St. Elisabeth Cathedral is Slovakia"s biggest church, as well as one of the easternmost Gothic cathedrals in Europe. The record on the existence of Košice, dating from 1230, is connected with that of the existence of the rectory church. According to historic data the present-day cathedral was built on the site of an edifice of older date which was consecrated to St. Elisabeth as well. It was referred to in the document of Pope Martin V of the year 1283 and in the letter of 1290, which stated that the bishop of Eger Andrew II exempted Košice parish from the dean"s sphere of jurisdiction.
This medieval monument was built in the High Gothic style between 1378 and 1508 in several stages on the site of a parish church that burned down in 1370, in memory of Saint Elisabeth of Hungary, the patron of all armed mercenaries and also Portugal.
The cathedral was often damaged by calamities (1556) and underwent numerous restorations. The most extensive restoration works took place in the years 1877-1896 by the drafts of Imre Steindl. The northern tower was completed in 1775, while the southern, Matthias tower in 1904. During the last phase of the restoration, a crypt was built under the northern nave of the cathedral. In 1906 the remains of Francis II Rákóczi and his friends from Rodosto were buried there.
On its southern side of the cathedral there is an entrance chamber with the royal oratory above it and chapels on its sides. The southern steeple, the so-called Matejova, dates from 1461 and the northern steeple with Rococo helm dating from 1775 complete the western front of the cathedral. The western portal is decorated with embossed scenes with the following biblical motifs: Jesus in the garden of Gethsemane, Piety and Towel of St. Verona. The richest and artistically the most valuable is the northern portal with the embossed painting. The Last Trial executed in two rows one above the other. Also to be seen here are embossed paintings from the life of St. Elisabeth, Virgin Mary with women, St. John with soldiers. Above them there is one more painting the Crucifixion. In the middle of the northern portal there is a sculpture of St. Elizabeth. The southern portal has two entrances and forms an integral part of the whole composition according to the original design of the southern entrance chamber.
The interior of the St. Elizabeth Cathedral is very imposing and valuable. In this respect particular mention should be made of the main altar of St. Elizabeth, a hanged sculpture of Immaculata, the Late Gothic altar Visit of Virgin Mary, a stone epitaph of the Reiner family, a wooden sculpture of Virgin Mary, fragments of the wall painting The Last Trial, the side altar of St. Anton Paduansky, a wall painting The Resurrection, the bronze font, the altar painting of St. Anna Metercia, Gothic Calvary, the lantern of the king Matthew, wooden polychrome sculptures, the side altar Worship of Three Kings, Neo-Gothic stone pulpit. Valuable masterpieces and relics are preserved in the treasury.References:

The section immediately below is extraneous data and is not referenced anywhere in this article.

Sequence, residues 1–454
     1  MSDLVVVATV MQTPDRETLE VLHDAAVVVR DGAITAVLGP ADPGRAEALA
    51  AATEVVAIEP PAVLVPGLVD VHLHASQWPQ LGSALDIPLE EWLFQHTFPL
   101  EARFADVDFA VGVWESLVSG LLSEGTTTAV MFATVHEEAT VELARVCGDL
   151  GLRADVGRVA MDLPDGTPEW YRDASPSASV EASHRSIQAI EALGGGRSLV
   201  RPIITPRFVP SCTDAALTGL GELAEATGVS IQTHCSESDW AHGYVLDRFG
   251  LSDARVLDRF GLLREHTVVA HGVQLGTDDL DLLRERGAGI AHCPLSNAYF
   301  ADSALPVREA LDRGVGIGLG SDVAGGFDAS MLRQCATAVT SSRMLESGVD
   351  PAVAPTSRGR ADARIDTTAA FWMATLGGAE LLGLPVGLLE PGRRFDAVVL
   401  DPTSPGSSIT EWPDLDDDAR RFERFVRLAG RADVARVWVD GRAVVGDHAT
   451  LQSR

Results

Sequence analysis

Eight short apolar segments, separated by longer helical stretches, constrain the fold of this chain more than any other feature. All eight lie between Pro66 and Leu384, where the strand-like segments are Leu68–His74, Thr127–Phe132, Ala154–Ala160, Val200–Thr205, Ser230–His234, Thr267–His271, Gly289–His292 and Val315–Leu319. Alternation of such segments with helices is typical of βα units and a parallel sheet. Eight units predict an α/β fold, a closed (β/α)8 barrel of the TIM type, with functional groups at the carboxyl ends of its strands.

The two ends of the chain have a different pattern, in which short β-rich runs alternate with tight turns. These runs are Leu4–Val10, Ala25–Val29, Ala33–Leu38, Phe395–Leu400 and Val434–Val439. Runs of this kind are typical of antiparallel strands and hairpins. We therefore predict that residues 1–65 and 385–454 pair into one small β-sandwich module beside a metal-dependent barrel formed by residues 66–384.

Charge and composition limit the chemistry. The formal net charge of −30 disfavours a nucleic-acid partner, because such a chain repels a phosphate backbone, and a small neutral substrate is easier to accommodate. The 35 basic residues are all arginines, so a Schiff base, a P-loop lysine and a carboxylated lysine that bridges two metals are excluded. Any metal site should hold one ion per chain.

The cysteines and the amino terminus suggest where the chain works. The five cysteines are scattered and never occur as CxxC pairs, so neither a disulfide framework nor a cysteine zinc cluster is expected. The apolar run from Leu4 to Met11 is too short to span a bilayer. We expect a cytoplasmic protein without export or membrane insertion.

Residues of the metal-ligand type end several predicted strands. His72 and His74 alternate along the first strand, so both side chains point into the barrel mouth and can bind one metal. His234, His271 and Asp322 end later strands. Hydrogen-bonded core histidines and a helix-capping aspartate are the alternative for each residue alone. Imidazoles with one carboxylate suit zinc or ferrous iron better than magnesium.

The famous Italian Medici family have given two queens to France: Catherine, the spouse of Henry II, and Marie, widow of Henry IV, who built the current Luxembourg palace. Maria di Medici had never been happy at the Louvre, still semi-medieval, where the fickle king, did not hesitate to receive his mistresses. The death of Henry IV, assassinated in 1610, left the way open for Marie's project. When she became regent, she was able to give special attention to the construction of an imposing modern residence that would be reminiscent of the Palazzo Pitti and the Boboli Gardens in Florence, where she grew up. The development of the 25-hectare park, which was to serve as a jewel-case for the palace, began immediately.
The architect, Salomon de Brosse, began the work in 1615. Only 16 years later was the palace was completed. Palace of Luxembourg affords a transition between the Renaissance and the Classical period.
In 1750, the Director of the King's Buildings installed in the wing the first public art-gallery in France, in which French and foreign canvases of the royal collections are shown. The Count of Provence and future Louis XVIII, who was living in Petit Luxembourg, had this gallery closed in 1780: leaving to emigrate, he fled from the palace in June 1791.
During the French Revolution the palace was first abandoned and then moved as a national prison. After that it was the seat of the French Directory, and in 1799, the home of the Sénat conservateur and the first residence of Napoleon Bonaparte, as First Consul of the French Republic. The old apartments of Maria di Medici were altered. The floor, which the 80 senators only occupied in 1804, was built in the middle of the present Conference Hall.
Beginning in 1835 the architect Alphonse de Gisors added a new garden wing parallel to the old corps de logis, replicating the look of the original 17th-century facade so precisely that it is difficult to distinguish at first glance the old from the new. The new senate chamber was located in what would have been the courtyard area in-between.
The new wing included a library (bibliothèque) with a cycle of paintings (1845–1847) by Eugène Delacroix. In the 1850s, at the request of Emperor Napoleon III, Gisors created the highly decorated Salle des Conférences, which influenced the nature of subsequent official interiors of the Second Empire, including those of the Palais Garnier.
During the German occupation of Paris (1940–1944), Hermann Göring took over the palace as the headquarters of the Luftwaffe in France, taking for himself a sumptuous suite of rooms to accommodate his visits to the French capital. Since 1958 the Luxembourg palace has been the seat of the French Senate of the Fifth Republic.